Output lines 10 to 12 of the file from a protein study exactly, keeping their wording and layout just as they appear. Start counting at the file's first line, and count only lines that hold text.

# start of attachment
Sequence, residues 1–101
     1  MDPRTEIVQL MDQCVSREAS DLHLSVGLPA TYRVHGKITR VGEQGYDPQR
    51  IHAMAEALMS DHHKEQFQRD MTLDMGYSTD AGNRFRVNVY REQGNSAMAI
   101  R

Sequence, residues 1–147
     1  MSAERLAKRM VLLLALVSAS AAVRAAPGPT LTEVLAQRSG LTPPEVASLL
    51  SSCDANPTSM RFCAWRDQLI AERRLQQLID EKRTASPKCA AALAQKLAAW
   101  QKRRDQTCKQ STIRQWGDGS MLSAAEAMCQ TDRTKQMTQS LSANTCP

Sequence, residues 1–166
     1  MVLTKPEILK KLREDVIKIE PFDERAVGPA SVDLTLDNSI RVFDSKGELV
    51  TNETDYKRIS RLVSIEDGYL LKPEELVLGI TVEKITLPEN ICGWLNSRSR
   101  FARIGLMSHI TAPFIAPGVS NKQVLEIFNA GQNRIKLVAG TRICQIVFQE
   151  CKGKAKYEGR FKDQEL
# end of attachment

     1  MVLTKPEILK KLREDVIKIE PFDERAVGPA SVDLTLDNSI RVFDSKGELV
    51  TNETDYKRIS RLVSIEDGYL LKPEELVLGI TVEKITLPEN ICGWLNSRSR
   101  FARIGLMSHI TAPFIAPGVS NKQVLEIFNA GQNRIKLVAG TRICQIVFQE